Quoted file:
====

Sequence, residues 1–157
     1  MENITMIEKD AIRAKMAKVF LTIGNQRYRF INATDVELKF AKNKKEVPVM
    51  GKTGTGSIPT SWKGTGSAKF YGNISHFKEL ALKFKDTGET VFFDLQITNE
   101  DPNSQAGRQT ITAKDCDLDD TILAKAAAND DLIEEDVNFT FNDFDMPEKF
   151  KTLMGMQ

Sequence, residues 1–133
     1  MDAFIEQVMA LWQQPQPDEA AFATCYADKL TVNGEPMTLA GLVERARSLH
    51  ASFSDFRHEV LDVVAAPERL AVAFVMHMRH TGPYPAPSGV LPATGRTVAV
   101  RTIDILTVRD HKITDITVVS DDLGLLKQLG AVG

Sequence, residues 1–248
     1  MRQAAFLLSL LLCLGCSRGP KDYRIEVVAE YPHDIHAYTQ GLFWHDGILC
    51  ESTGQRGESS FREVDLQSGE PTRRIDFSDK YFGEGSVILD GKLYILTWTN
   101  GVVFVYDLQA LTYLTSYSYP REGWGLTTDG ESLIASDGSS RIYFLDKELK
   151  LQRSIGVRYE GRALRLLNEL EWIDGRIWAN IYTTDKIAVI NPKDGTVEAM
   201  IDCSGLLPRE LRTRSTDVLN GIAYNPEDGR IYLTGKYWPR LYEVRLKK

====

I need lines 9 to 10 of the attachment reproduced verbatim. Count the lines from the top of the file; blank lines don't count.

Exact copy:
   101  RTIDILTVRD HKITDITVVS DDLGLLKQLG AVG

Sequence, residues 1–248